Waiting for Superman, the provocative documentary from director Davis Guggenheim, follows the stories of several students who aspire to be selected in the lottery for entrance into the charter schools in Harlem, the Bronx, Los Angeles, Washington, D.C. and Palo Alto, California. When the film was released in September 2010, it generated widespread praise and criticism of its focus on charter schools, the “superman” answer to a largely failing American public school system. At Teachers College, the film drew critical responses by a panel of experts who viewed it as far too simplistic — not thoroughly grounded in reality. Waiting for Superman became the topic of a lively Socratic conversation that probed the challenges and priorities of public education today.
Enter the Grassroots Education Movement Production, The Inconvenient Truth Behind Waiting for Superman. Aiming to transform public education, school governance, and teacher unions, this DVD brings to the table ten major reforms: small class sizes; excellent community schools for all children; more teaching-less testing; parent and teacher empowerment and leadership; equitable funding for all schools; anti-racist education policies; culturally relevant curriculum; expanding pre-kindergarten and early intervention programs; qualifies and experiences educators and educational leaders; and democratic and social justice unionism. Questions the Movement, Will the Real Reformers Please Stand Up?Meeting that challenge on Wednesday, October 5th is a new panel that explores the history, problems, politics, and trajectory of America’s public schools. Following the screening of both films, Ansley Erickson, TC Assistant Professor of History & Education; Christina Collins, Lead Researcher & Policy Analyst for the UFT; and Dino Sossi, filmmaker and TC doctoral student; and Ellen Livingston, doctoral candidate and former Instructor in Social Studies Education at Teachers College, stand up to address key questions and concerns regarding the state of our nation’s schools. The Inconvenient Truth behind Waiting for Superman (65 minutes), will be shown on Wednesday, October 5th, followed by the panel discussion. This event is preceded by the screening of Waiting for Superman (111 minutes) on Tuesday, October 4th, with Q&A led by Kappa Delta Phi.Ansley Erickson is Assistant Professor of History and Education at Teachers College, Columbia University. She studies the history of educational inequality, focusing particularly on desegregation and schools in metropolitan contexts. She has been awarded an NAE/Spencer Postdoctoral Fellowship. Prior to coming to Teachers College, Erickson taught in the New York City public schools and worked in independent documentary film.Dino Daniel George Sossi is an award-winning researcher; teacher; filmmaker, producer, video journalist; writer/editor; radio host; photographer; stand-up comedian; and spoken word performer. He has been interviewed, along with Academy Award-winning director Davis Guggenheim regarding his documentary film Waiting for Superman, by Emmy Award-winning CBS News Anchor Katie Couric. Dino has worked at AOL, CBS and CNN, as well as on the staff of the Department of External Affairs at Teachers College, Columbia University. He is currently a graduate student in Instructional Technology and Media at Teachers College.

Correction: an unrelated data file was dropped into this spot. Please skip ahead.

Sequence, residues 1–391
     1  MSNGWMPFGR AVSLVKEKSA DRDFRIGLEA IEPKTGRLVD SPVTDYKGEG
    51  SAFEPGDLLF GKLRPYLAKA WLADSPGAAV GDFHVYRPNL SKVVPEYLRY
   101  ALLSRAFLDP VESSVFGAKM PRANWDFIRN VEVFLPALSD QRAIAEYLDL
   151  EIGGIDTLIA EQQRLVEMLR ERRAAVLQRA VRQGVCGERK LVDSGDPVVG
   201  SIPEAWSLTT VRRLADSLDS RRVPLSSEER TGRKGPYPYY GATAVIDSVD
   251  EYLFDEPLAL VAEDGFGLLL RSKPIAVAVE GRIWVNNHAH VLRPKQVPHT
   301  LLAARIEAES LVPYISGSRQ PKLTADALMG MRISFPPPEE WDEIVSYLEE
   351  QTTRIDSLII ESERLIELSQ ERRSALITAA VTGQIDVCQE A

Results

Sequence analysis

Ellen Livingston is a doctoral candidate in the Program in Social Studies at Teachers College who specializes in the use of documentary film in the social studies classroom. Ellen has worked on a variety of projects creating curricular materials for film, including Pray the Devil Back to Hell, Teaching the Levees: A Curriculum for Democratic Dialogue and Civic Engagement, and Let Freedom Swing: Conversations on Jazz and Democracy. Ellen holds an A.B. in history from Princeton and an M.A. in social studies education from Teachers College. She has worked as a journalist, editor, social studies teacher, and for the past three years was an Instructor in the Program in Social Studies at TC.
Christina Collins holds a joint Ph.D. in History and Education and a graduate certificate in Urban Studies from the University of Pennsylvania. She has been a Spencer Fellow in Urban Education at Penn, the Dodge Fellow at the Institute on Ethnicity, Culture, and the Modern Experience at Rutgers University-Newark, (where she worked on a documentary film about youth and the Newark riots), and a post-doctoral fellow at Harvard’s Graduate School of Education. Her first book, “Ethnically Qualified”: Race, Merit, and the Selection of Urban Teachers, 1920-1980, was published by Teachers College Press in January 2011. She is currently serving as the lead researcher and policy analyst on charter schools for the United Federation of Teachers in New York City.
Persons wishing to attend one or both screenings, in addition to the panel talk, are encouraged to rsvp by Friday, September 30th.
This event is hosted by the Gottesman Libraries and Kappa Delta Phi, the Teachers College Honors Society.
Where: 306 Russell